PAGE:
Wednesday, July 10, 2013

The Best of 2013 (So Far)

Bowie's back on top.
Typically, I'm the first person up in my house, getting up at about 5:00am to move the car, make the coffee, pack the lunches and clear the sink. I often catch up on favorite podcasts (like Soundcheck, Studio 360 or Sound Opinions) as I make these rounds but the morning of January 8th was different. I swiped open my iPhone to find a link cryptically shared by a friend of mine who lives in France. It seemed to be a new video by David Bowie - or about him - but I couldn't be quite sure. I broke from routine by tackling the sink first with the iPhone propped on the shelf in front of me, pressing "play" before turning on the water. My first thought was that the video for Where Are We Now? was a brilliant parody, that the need for new material from the Thin White Duke had inspired the internet to spew forth something that would cruelly taunt us fans. A minute into listening to the gorgeous, elegiac ballad and watching the intriguing visuals I knew: it was simply too good to be anything but the real thing. I could scarcely contain my elation at hearing something new from one of my heroes.

I also felt this was a good omen for the music of 2013 and that has been borne out by one great record after another. I'll attempt to corral it all in a preliminary Top Ten (which could become a Top 20 by year's end) and a few other lists.

1. David Bowie - The Next Day Here's why.

2. Kanye West - Yeezus Another masterpiece.

3. Jenny O. - Automechanic Great songs, great singing, deal sealed by Jonathan Wilson's brilliant production.

4. Jon Hopkins - Immunity Composer and producer Hopkins first came to my attention in 2010 as a collaborator on Small Craft On A Milk Sea, Brian Eno's finest record in many a year. Investigating further turned up some ok but not particularly characterful collections of electronic and ambient sounds. So my ears were open if not exactly primed when Hopkins appeared on Soundcheck earlier this year. His performance of Open Eye Signal quickly had me at full attention: Thick slabs of artfully arranged sounds welded to a groove of tectonic proportions built a composition that drew me in and engaged me completely. The rest of the album maintains the promise of Open Eye Signal, from glitchy tracks like Collider to the intimate ambient of Abandon Window and the title track. Electronic album of the year.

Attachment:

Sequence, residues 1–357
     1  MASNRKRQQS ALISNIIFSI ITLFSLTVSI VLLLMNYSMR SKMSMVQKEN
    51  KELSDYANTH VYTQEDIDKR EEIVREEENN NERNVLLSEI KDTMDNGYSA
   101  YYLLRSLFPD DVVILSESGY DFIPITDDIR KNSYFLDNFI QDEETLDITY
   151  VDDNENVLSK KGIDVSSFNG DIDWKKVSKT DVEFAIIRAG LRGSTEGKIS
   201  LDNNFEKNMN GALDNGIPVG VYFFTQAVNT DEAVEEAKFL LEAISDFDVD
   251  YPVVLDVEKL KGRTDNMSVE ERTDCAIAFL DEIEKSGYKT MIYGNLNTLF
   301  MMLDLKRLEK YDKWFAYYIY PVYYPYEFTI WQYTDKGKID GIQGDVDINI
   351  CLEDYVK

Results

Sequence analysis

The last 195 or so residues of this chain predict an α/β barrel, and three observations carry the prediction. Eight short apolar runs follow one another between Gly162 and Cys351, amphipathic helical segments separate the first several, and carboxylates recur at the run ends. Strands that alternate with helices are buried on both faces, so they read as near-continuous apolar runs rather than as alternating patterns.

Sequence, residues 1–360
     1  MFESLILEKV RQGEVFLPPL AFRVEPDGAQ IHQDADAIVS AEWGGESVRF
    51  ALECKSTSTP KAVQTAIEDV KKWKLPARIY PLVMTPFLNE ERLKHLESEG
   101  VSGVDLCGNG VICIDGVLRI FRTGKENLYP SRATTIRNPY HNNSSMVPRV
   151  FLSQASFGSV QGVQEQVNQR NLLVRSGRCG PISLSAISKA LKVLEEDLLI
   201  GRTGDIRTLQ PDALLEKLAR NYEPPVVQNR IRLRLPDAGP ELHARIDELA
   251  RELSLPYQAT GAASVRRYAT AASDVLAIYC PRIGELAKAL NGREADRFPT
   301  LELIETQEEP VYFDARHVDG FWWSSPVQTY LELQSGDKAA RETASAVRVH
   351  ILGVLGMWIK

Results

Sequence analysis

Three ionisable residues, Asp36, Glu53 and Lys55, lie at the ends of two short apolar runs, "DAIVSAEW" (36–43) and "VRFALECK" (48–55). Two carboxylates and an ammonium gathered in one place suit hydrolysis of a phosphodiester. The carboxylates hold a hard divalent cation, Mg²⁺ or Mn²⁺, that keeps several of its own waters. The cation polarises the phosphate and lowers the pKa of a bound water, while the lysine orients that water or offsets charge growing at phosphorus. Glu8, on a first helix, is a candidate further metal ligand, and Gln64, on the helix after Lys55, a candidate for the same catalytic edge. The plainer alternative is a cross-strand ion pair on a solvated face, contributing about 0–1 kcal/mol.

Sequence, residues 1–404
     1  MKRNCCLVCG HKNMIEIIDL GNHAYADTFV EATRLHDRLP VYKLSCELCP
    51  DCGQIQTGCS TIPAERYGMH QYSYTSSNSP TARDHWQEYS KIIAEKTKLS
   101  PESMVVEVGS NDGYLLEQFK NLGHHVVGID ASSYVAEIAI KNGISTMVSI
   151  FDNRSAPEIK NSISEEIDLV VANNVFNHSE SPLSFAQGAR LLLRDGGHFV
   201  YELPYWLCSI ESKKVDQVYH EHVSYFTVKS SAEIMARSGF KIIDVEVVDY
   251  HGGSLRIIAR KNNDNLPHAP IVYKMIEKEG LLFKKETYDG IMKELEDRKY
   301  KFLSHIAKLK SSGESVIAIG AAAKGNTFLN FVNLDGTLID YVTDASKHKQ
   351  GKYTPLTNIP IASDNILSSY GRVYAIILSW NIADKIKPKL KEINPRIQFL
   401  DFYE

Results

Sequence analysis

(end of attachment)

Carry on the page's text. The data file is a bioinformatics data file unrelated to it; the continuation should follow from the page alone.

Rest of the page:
5. Jace Clayton - The Julius Eastman Memory Depot I would be mourning the death of Mudd Up much more if not for this dazzling record, which firmly establishes Clayton as a major proponent and participant in the avant garde.

6. Parquet Courts - Light Up Gold It was great to hear Greg Kot revise his already high opinion of this endearing record. At first he had focused on the "ramshackle vibe" and "casual surface" but further listening revealed the craftsmanship behind the songs on this "supremely well-done record." I don't usually quote other reviewers, but I really couldn't have said it better myself. Great stuff with a real New York attitude. Think it's as easy as it sounds? Fuggedaboutit. I can't wait to see them in concert again.

7. Daniel Wohl - Corps Exquis Based on the company he keeps in the new music scene in NYC and elsewhere, it was only a matter of time before I ran into Daniel Wohl's music, and based on the bracingly original and stunningly beautiful sounds on his debut album, I'm glad it didn't take any longer for me to get acquainted. Corps Exquis, performed to a tee by the quintet Transit and featuring valuable assistance from Julia Holter, Aaron Roche and So Percussion, is actually the soundtrack to a video and performance piece but stands completely, entrancingly, on its own. The melding and merging of electronics and acoustic instruments sounds so uncannily inevitable in the nine compositions that the mind ceases to worry what is making which sound. This is also richly affecting music that touches on a variety of emotional colors. Don't wait for the show to come to your town - just get this album.

8. Wire - Change Becomes Us Post-punks never die, they just get smarter.

9. Mystical Weapons - Mystical Weapons In which Sean Lennon and drummer Greg Saunier (of Deerhoof) prove that the vision of Miles Davis's electric period was never about virtuosity (although they are both virtuosic musicians), but rather a musique-concrete-esque coming together of improvised sounds and textures. Seeing them in concert was like witnessing telepathy. One thing they get right that a lot of similar freak-outs don't is dynamic range. Lennon and Saunier seem to think more like co-composers than co-improvisers, resulting in a record that is consistently more rewarding with each listen. Lennon's wandering career is such that this could easily be a one-off but that's fine - it's hard to imagine them bettering it.